during step two of the sequential evaluation process. (Doc. 17 at 19). He points to the chronic
nature of his depression and argues the ALJ did not consider his mental impairments at all at step
For an ALJ to determine a claimant has a severe impairment, a claimant must have an
impairment or combination of impairments which limits the claimant’s ability to do basic work
activities for at least twelve consecutive months. 20 C.F.R. §§ 404.1520(c), 404.1509. The
claimant bears the burden of proving that a severe impairment exists. 20 C.F.R. § 416.912. For
mental impairments, the ALJ considers four broad functional areas in rating the degree of a
claimant’s functional limitation: activities of daily living; social functioning; concentration,
persistence, or pace; and episodes of decompensation. See 20 C.F.R. § 404.1520a(c)(3) (2011);
20 C.F.R. pt. 404, subpt. P, app. 1, § 12.00C (Sept. 29, 2016) (discussing the four criteria of
mental disorder listings).
Here, contrary to Masters’ assertion, the ALJ considered Masters’ alleged mental
impairments at step two. Preliminarily, the ALJ observed that Masters’ borderline intellectual
functioning did not affect his ability to perform the work-related activities involved in skilled and
semiskilled work, which was supported by the vocational expert’s testimony that Masters had
performed such work. (Tr. 73, 146-47). The ALJ also found no more than mild impairment in
any of the four broad functional areas. The ALJ found mild limitation in Masters’ activities of
daily living, noting Masters prepares simple meals, watches television, and visits with friends
and family. (Tr. 147). He also found Masters’ social functioning was mildly limited, as Masters
spent time with one friend and visited his sister. (Id.). Third, the ALJ determined Masters had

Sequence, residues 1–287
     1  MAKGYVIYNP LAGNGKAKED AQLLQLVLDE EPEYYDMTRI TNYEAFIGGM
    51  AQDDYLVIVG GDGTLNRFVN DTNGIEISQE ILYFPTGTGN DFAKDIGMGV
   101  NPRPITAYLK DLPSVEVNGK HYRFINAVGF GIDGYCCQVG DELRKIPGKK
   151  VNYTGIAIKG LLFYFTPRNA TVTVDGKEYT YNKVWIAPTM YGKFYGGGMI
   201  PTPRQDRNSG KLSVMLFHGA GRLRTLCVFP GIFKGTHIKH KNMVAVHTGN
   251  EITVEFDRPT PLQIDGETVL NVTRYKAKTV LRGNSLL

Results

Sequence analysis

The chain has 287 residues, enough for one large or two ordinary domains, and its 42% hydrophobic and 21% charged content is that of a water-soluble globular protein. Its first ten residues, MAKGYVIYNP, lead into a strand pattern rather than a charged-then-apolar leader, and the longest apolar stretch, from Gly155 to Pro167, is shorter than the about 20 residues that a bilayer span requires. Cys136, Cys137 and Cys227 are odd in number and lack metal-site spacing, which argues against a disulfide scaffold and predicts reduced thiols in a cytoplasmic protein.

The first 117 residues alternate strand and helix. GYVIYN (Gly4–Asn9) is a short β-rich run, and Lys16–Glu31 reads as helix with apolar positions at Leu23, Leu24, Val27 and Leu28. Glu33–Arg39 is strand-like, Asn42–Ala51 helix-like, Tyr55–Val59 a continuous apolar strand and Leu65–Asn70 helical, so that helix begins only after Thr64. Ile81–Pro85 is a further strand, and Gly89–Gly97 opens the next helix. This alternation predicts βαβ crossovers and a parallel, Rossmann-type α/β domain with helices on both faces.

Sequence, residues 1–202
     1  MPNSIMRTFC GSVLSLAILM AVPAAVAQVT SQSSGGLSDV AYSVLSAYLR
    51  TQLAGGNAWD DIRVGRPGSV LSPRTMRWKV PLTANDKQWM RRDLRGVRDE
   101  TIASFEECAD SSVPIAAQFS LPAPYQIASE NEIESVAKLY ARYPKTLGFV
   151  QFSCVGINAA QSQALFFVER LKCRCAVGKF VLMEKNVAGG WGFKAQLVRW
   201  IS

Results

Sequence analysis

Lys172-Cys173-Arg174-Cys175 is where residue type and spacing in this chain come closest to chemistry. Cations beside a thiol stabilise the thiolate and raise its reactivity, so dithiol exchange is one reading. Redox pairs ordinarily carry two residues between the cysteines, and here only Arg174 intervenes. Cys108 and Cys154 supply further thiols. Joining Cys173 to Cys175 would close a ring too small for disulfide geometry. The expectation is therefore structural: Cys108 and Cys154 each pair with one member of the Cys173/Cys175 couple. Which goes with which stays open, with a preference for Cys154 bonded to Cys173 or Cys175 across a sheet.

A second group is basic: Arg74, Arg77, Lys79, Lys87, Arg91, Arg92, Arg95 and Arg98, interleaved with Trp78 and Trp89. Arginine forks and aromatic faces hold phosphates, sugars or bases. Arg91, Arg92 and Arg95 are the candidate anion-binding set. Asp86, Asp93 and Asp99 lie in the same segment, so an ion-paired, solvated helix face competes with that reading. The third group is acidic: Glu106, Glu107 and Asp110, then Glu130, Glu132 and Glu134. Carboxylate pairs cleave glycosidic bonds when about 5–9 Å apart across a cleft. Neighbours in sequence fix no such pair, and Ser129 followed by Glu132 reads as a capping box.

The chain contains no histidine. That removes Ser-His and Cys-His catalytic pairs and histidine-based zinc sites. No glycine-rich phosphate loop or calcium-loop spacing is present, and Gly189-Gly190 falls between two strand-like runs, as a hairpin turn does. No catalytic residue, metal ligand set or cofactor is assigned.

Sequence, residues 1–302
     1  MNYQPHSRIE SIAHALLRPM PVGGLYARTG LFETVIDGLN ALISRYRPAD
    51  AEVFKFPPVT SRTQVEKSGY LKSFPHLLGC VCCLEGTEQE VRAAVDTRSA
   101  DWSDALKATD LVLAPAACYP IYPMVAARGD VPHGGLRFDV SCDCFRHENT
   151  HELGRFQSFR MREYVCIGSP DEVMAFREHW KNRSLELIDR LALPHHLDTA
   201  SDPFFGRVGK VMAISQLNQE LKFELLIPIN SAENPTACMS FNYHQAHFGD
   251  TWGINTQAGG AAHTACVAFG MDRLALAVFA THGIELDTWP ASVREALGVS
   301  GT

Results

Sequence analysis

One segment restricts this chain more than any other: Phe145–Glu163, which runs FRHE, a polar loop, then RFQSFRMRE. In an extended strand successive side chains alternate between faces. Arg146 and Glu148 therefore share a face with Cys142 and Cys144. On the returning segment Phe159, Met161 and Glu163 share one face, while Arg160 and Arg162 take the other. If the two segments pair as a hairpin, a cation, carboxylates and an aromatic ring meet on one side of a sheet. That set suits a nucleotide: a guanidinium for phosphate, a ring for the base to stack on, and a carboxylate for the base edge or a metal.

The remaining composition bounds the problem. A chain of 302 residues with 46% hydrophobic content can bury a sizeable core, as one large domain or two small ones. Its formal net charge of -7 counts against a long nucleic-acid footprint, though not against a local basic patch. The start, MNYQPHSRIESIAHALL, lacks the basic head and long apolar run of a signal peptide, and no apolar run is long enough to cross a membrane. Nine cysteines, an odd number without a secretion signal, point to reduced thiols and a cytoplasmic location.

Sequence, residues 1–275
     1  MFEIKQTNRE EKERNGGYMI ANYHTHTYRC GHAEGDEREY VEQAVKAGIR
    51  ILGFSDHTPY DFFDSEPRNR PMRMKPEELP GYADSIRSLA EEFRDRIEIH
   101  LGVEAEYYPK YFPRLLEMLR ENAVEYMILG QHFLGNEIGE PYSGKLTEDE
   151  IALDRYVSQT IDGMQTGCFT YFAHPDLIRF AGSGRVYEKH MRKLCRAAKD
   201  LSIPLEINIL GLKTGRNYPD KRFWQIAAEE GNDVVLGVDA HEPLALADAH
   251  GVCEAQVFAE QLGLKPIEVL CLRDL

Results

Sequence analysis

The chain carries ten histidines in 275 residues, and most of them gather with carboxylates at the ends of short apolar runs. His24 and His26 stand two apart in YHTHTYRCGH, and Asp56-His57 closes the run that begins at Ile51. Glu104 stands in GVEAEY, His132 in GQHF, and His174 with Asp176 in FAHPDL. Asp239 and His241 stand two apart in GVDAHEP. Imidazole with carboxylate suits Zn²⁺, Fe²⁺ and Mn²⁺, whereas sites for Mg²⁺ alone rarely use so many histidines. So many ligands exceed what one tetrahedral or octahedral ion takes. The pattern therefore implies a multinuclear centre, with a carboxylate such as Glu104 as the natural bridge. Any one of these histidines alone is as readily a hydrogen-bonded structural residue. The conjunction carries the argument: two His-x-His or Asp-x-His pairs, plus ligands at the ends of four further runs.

mild limitation in concentration, persistence, and pace, citing Masters’ ability to maintain
attention and focus well enough to drive and perform simple cooking tasks, as well as the fact
that he watches television. (Id.). Finally, the ALJ found Masters had experienced no episodes of
decompensation of extended duration. (Id.). The ALJ noted Masters had been hospitalized for a
suicide attempt, but that it was an isolated incident (and not of “extended duration”) because it
was resolved after less than a week in the hospital. (Id.). Thus, the ALJ concluded Masters’
mental impairments were not severe.
To rebut this, Masters says that his depression has been a chronic concern and did not
“suddenly become ‘better’” as a result of his hospitalization for his suicide attempt. (Doc. 17 at
19). He also cites Dr. Blotcky’s findings. (Id.). As stated above, the ALJ’s decision to assign
little weight to Dr. Blotcky’s opinion was supported by substantial evidence. While Masters
states his depression was not cured by his visit to the hospital, this is not inconsistent with the
ALJ’s finding; the ALJ noted Masters had some transient episodes of depression, but determined
that the most serious of those, the episode of depression for which Masters was hospitalized,
resolved after less than a week in the hospital. (Tr. 147). This is supported by the medical
records of Masters’ hospitalization, which indicate progress from “[m]ood depressed and
irritable . . . [j]udgment poor . . . [t]hought content suicidal ideation with no intent at present . . .
[b]ehavior isolative, withdrawn and impulsive” on admission (April 2, 2014) to “mood stabilized
with pharmacotherapy along with group therapy, activity therapy, and individualized therapy . . .